The long journey from beached whale to bone carvings
ABOUT 300 people watched as members of Ngati Toa iwi, knee-deep in blood, cut out the jaw bone from a sperm whale washed up on Paraparaumu Beach in January.
Among the onlookers, children cried and adults shouted out in anger, accusing iwi members of “butchering the animal”.
Members of Ngati Toa iwi were exercising their right as tangata whenua to first dibs on any whale carcass that washed up on local beaches. Ngati Toa spokesman Nelson Solomon says iwi members were just doing what they thought was best.
If people didn’t like what they saw, they should have walked away, says Mr Solomon. “We didn’t want to put on a gory show.”
The 15-metre-long whale had washed up in the middle of the night, and the tide had left a pool around it, which made the operation very messy. “When you cut an animal it bleeds. Blood went into the water, and unfortunately that’s where the work had to be done to extract the jaw bone,” Mr Solomon says.
Kapiti bone carver and teacher Owen Mapp believes the onlookers became emotional because they are too detached from
where meat comes from.“New Zealanders nowadays are too urban-based. They think their meat comes from the supermarket. That’s why there was so much shock and emotion.”On the day of the jaw bone removal, police and Department of Conservation (DOC) staff tried to keep things under control as iwi members got stuck into their work, but there was some confusion.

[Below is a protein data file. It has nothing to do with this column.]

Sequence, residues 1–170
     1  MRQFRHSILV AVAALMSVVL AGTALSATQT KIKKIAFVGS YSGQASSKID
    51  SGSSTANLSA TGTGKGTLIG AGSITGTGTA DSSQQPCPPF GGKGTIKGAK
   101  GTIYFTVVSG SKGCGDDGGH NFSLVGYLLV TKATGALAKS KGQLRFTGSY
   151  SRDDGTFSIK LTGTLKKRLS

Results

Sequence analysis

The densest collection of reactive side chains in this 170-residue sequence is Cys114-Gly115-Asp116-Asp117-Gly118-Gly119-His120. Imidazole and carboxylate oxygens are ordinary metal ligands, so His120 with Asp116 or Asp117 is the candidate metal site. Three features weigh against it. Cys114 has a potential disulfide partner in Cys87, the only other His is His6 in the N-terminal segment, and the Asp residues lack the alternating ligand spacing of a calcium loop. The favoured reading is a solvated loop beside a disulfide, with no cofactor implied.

“The policeman was telling people one thing, and the DOC representative was saying something different,” Mr Solomon says. “Everyone tried their best and did what they thought was right.”
He says the whale should have been moved to private land earlier so theiwi could do their work without the public watching. There they would have been able to take their time with the whale.
Instead, he says, iwi members were put under pressure by workers in trucks waiting to move the whale from the beach to DOC land where the carcass would be buried.
DOC also denied the iwi access to parts of the whale, says Mr Solomon. “We were denied access to the oils from its head, used mainly in cosmetics. We were denied access to the ribs and the head, which is the densest bone in the entire whale.”
Dougal Austin, a curator of Maori artefacts at Te Papa, says the sperm whale’s jaw bone is stronger than other whales’.
As well as the bone, Maori historically used the oil, meat and teeth of a whale. The meat was food, the oil was used to help preserve wood and the teeth and bone were carved.
Before Europeans came and wrote them down, carvings were used to tell tribal histories, so carvers were held in high esteem, being not only master craftsmen but also historians.
It took months or years to finish a whale bone carving when sculpted traditionally, with stone hand tools.Even today, carvings have their own story or meaning.
In the Maori belief system, when bone carvings are worn, they become part of the person. The bone absorbs the skin’s oil and therefore takes on some of the wearer’s spirituality, or essence.